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Inside AI (Nov 26th, 2019)

1. Author Albert Fox Cahn took part in a New York City task force that formed to analyze the impact of AI on government and citizens, but says that the process went "horribly wrong." In an article for Fast Company, Cahn writes that the members of the New York City Automated Decision Systems (ADS) Task Force - who included Meredith Whittaker of AI Now and Solon Barocase of Cornell Tech and Microsoft Research - were supposed to decide what roles AI should play and how to safeguard citizens from issues like poorly designed automated decision systems. At first, he says, the task force looked promising, but 18 months into the project their optimism "gave way to a fatalistic belief that we may not be able to tackle a problem this big after all." One problem was that city officials failed to provide data and information about what automated decision systems they use, according to Cahn. - FAST COMPANY

2. The AI startup Dessa created deepfake software that makes people look and sound like podcaster Joe Rogan. As Futurism notes, the tool isn't perfect, as "tiny errors appear as the person having his face replaced moves his head around." In a related (but opposing) effort, the company has released new algorithmic tools that it trained to detect deepfakes and synthesized videos, according to a blog post. - FUTURISM

3. The use of facial recognition technology at a popular cafe in India has renewed calls from human rights advocates for greater government regulation and increased protection for privacy rights. Customers at the popular Indian chain Chaayos took to social media last week to complain about the cloud-supported technology they said captured images of them without their consent. In addition, the cafe provided the customers with no information on what the data would be used for, and no option to opt out. At a press conference Monday, Joanne D’Cunha, associate counsel at the digital rights group Internet Freedom Foundation, said that without legal safeguards, facial recognition can lead to profiling. A statement from Chaayos said the technology was being tested in select cafes and was aimed at reducing purchase times for customers. Moreover, the data was encrypted, would not be shared, and customers could choose to opt out. - REUTERS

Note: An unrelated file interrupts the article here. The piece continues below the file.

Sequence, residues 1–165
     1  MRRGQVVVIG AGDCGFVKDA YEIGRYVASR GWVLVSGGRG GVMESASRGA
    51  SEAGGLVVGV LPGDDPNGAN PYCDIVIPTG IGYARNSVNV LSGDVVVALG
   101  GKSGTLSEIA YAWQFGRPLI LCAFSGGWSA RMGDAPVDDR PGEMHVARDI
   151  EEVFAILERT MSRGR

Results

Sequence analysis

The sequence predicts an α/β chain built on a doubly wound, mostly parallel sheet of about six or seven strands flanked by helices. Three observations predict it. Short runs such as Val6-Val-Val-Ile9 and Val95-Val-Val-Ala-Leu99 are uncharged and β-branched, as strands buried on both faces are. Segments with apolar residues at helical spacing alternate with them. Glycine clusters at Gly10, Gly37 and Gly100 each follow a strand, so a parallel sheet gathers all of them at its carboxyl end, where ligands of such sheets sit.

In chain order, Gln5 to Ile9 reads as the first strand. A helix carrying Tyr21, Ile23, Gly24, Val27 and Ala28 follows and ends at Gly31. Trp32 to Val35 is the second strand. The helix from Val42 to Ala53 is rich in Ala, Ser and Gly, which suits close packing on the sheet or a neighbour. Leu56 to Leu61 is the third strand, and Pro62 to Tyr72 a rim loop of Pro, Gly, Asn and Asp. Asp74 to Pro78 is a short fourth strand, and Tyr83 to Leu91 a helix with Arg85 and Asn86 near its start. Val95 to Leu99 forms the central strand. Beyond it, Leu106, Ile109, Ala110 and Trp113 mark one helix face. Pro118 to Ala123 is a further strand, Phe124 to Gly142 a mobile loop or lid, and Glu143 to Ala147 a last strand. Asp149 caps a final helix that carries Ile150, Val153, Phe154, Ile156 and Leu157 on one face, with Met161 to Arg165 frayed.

A version of this story first appeared in Inside Cloud.

4. MediaTek's new Dimensity 1000 system-on-chip will include an AI processing unit. The APU 3.0 is capable of reaching an ETH Zurich AI Benchmark score of 55,828, which is more than twice the performance of its previous APU, according to the company. The chip reportedly helps with face detection, camera focus, exposure, noise reduction, white balance, and multi-frame video HDR capability. MediaTek says Dimensity 1000 will be included in unspecified devices starting later this year and in early 2020. - VENTURE BEAT

5. The U.K. appears to be trailing other European countries in using AIs, like chatbots, for customer service, according to a new report from Freshworks. France, Germany, and the Netherlands are "far ahead" in using AI for virtual assistants, natural language processing, and facial recognition, according to research by the company, which sells cloud-based customer service software. According to the report, about 20 percent of U.K. companies surveyed had invested more than $320,000 in AI for customer service in the last year, compared to 46 percent in Germany, 41 percent in France, and 35 percent in the Netherlands. The research shows that British brands have a "deep distrust" in AI that leaves them "lagging behind Europe in their approach to customer service,” according to Simon Johnson, the U.K. General Manager of Freshworks. - IT PRO PORTAL